So you wrote a long comment, and I want to address it in detail, but I think it’s really good content for the podcast, so I will save some of my thoughts (such as toilets in the rooms) for that.

      The first thing that comes to mind reading your post is that when I open the door to our float tanks, I actually smile. I’ve had dirty water and I’ve dealt with discolorations, so to see the tank water so crystal clear and “new” looking always makes me feel good (and thankful for the person we have in charge of water maintenance). I float in our tanks, and I love our water.
      To me the idea of “knowing” the water is clean is a placebo that may or may not be justified by lab results or any unit of measurement. I don’t have a problem with the idea of sweat and tears joining the water in the tank, because I know that it is immediately sanitized by the H2O2 in the water. I also feel confident about the level of particulates in the water because of how much we run the pumps and change our filters.
      When you talk about pulling your tank apart and cleaning the pipes and filtration systems, what exactly are you describing? I’d be curious to know and to potentially add it to our regimen.
      When it comes to pools and public spas, I am curious why they have these requirements. Technically, our water is slowly having a turnover over time. Each time someone gets out they pull water with them, which is why we have to add more salt and water to our solution regularly (generally weekly).
      I’m going to look in to the idea of chemical buildup in the water, but my first instinct is that this isn’t an issue (don’t quote me yet!).
      While I don’t see any harm in changing your water regularly, I personally don’t feel the need to simply because it can’t hurt. If the water does maintain a quality luster, I am happy to keep it.
      I must completely agree with you that float tank hygiene is the most important aspect of the industry at the moment and could potentially harm the industry (and I believe it has already, it’s something I’ve witness secondhand from clients who have experienced floats in poorly maintained float centers).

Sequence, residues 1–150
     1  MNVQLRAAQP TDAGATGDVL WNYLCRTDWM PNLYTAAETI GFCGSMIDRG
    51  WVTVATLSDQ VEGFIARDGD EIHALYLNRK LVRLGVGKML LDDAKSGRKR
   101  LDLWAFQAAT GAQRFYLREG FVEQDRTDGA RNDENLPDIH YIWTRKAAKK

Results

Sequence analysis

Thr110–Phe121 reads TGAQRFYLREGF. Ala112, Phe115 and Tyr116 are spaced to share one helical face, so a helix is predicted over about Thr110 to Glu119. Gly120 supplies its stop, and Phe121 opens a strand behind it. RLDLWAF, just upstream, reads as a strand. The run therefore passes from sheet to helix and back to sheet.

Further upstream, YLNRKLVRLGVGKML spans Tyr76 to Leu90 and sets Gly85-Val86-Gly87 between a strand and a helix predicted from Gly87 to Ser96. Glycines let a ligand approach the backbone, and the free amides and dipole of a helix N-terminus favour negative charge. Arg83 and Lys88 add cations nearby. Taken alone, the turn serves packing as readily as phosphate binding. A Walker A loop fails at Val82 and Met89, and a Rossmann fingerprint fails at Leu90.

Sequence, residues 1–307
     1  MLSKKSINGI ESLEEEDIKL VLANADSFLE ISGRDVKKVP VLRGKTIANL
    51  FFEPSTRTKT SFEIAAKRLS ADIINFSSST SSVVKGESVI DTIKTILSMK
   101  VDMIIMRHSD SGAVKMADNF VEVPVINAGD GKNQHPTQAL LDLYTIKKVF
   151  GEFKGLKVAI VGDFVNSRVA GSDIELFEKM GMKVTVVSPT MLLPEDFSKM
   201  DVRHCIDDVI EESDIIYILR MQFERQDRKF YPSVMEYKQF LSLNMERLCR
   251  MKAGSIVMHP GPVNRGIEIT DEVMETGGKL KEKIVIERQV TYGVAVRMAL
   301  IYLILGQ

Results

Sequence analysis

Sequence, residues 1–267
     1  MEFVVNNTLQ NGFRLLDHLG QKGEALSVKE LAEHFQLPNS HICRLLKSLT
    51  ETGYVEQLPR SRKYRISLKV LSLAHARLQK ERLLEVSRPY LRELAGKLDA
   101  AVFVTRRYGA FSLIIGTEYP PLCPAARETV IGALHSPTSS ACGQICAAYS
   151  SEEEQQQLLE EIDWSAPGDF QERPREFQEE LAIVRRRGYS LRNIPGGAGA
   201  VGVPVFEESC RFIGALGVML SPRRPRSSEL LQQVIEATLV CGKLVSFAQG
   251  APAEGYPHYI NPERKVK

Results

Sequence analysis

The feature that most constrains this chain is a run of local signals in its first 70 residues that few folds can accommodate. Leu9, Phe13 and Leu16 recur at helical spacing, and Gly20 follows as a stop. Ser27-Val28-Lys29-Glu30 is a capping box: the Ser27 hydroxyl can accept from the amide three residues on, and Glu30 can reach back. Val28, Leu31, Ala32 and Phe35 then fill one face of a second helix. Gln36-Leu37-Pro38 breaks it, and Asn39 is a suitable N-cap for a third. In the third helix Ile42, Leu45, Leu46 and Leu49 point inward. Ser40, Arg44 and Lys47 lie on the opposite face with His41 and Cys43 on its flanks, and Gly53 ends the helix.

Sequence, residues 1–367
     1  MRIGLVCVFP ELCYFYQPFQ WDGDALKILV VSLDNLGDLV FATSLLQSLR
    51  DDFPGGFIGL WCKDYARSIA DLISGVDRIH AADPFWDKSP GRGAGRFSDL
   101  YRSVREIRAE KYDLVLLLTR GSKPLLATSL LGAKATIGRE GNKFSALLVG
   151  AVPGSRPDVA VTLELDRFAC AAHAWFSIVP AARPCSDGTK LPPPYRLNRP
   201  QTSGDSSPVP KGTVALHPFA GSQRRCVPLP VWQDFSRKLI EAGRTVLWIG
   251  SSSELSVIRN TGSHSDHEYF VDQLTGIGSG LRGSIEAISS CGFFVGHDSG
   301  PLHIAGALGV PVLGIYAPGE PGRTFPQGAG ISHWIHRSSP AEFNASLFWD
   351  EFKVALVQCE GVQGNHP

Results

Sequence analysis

Oh, and if I can put my own twist on your line about feeling awkward telling someone you change the water once a year or never, I would say if you feel awkward saying that, it means you aren’t taking care of the water the way it needs to be.
      I think the bottom line currently is that we don’t have standards for water quality that are universally set (or even country by country). Until then, we are left to maintain the standards our local jurisdictions set for us, or experiment on our own (where that is allowed), but no matter what we do, we need to maintain our tanks with high standards and pride.

      I hope everything I’ve said here has come across as respectful and thoughtful, I really value your input on this.

      Best regards,

      Dylan Calm

      1. Airlie Byrnes Avatar

        Hi Dylan,
        Thanks for the response – I appreciate it 🙂 Good to hear others perspectives / opinions.
        To answer your question – each time we empty our tank we pull it apart (i.e. take the roof off – door out & vent covers off & scrub the entire thing) – we run a cleaning solution (the same solution that we soak our filter cartridges in) through our pipes & filtration system to ensure there is no ‘build-up’ of body fats / oils / grime within the pipes then rinse through with fresh water. We also clean the container that the filter cartridge sits within. We have had a couple of occasions where the magnetic pump has had hair caught & restricted the impeller – so my husband also pulls the pump apart & checks it for hair.
        It’s a big process – but totally worth it.

        1. Dylan Schmidt Avatar

          Wow, that’s hardcore!
          BTW, if you haven’t seen it, my wife wrote a great article about a month ago on water maintenance https://artofthefloat.com/2015/10/783/

          1. Airlie Byrnes Avatar

            Yeah I’ve read her article – it was great – our procedures are pretty much exactly the same as yours except for the regular changing of the solution & we use bromine. I was chatting to our most regular client last night & she said she can feel the difference in the water after it’s been changed.
            If you have a handy husband like I do or are handy yourself, the pulling apart & cleaning process is actually pretty simple really once you have done it a few times & figured out your routine – with the two of us working on it we’ll have both tanks emptied, pulled apart, cleaned & put back together ready to refill in half a day 🙂

  2. Geoff Avatar

    Great Podcasts! Wondering what’s the kind of net in the pump basket that was mentioned on the podcast? Just throw it in the basket?

    1. Dylan Schmidt Avatar

      Lance has been talking about this a lot and recently posted a photo of how it works on Instagram. We are going to cover it in more depth in part 2 of our Water Maintenance series. That podcast episode should be out in July of 2016.